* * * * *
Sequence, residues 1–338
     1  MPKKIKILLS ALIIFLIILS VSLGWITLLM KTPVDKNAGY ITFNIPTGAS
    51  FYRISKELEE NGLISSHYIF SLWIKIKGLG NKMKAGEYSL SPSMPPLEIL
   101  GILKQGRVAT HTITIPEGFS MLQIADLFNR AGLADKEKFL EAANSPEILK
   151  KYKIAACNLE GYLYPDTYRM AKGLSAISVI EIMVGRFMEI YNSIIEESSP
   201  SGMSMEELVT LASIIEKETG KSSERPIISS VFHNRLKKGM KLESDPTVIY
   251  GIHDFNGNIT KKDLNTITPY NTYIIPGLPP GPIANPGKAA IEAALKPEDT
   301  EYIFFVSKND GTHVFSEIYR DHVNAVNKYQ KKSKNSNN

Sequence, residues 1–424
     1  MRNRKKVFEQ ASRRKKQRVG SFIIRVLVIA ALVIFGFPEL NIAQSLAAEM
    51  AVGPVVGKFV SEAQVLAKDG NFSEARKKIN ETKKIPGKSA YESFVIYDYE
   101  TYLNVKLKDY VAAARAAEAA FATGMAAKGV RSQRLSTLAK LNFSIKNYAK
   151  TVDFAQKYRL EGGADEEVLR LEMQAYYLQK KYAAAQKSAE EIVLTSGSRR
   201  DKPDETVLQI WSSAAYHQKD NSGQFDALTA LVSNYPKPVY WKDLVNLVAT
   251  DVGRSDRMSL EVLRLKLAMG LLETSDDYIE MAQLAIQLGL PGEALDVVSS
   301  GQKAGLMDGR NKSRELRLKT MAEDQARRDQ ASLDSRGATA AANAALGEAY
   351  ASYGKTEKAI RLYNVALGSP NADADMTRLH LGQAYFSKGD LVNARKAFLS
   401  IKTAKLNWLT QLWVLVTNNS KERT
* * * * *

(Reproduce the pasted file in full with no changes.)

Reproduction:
Sequence, residues 1–338
     1  MPKKIKILLS ALIIFLIILS VSLGWITLLM KTPVDKNAGY ITFNIPTGAS
    51  FYRISKELEE NGLISSHYIF SLWIKIKGLG NKMKAGEYSL SPSMPPLEIL
   101  GILKQGRVAT HTITIPEGFS MLQIADLFNR AGLADKEKFL EAANSPEILK
   151  KYKIAACNLE GYLYPDTYRM AKGLSAISVI EIMVGRFMEI YNSIIEESSP
   201  SGMSMEELVT LASIIEKETG KSSERPIISS VFHNRLKKGM KLESDPTVIY
   251  GIHDFNGNIT KKDLNTITPY NTYIIPGLPP GPIANPGKAA IEAALKPEDT
   301  EYIFFVSKND GTHVFSEIYR DHVNAVNKYQ KKSKNSNN

Sequence, residues 1–424
     1  MRNRKKVFEQ ASRRKKQRVG SFIIRVLVIA ALVIFGFPEL NIAQSLAAEM
    51  AVGPVVGKFV SEAQVLAKDG NFSEARKKIN ETKKIPGKSA YESFVIYDYE
   101  TYLNVKLKDY VAAARAAEAA FATGMAAKGV RSQRLSTLAK LNFSIKNYAK
   151  TVDFAQKYRL EGGADEEVLR LEMQAYYLQK KYAAAQKSAE EIVLTSGSRR
   201  DKPDETVLQI WSSAAYHQKD NSGQFDALTA LVSNYPKPVY WKDLVNLVAT
   251  DVGRSDRMSL EVLRLKLAMG LLETSDDYIE MAQLAIQLGL PGEALDVVSS
   301  GQKAGLMDGR NKSRELRLKT MAEDQARRDQ ASLDSRGATA AANAALGEAY
   351  ASYGKTEKAI RLYNVALGSP NADADMTRLH LGQAYFSKGD LVNARKAFLS
   401  IKTAKLNWLT QLWVLVTNNS KERT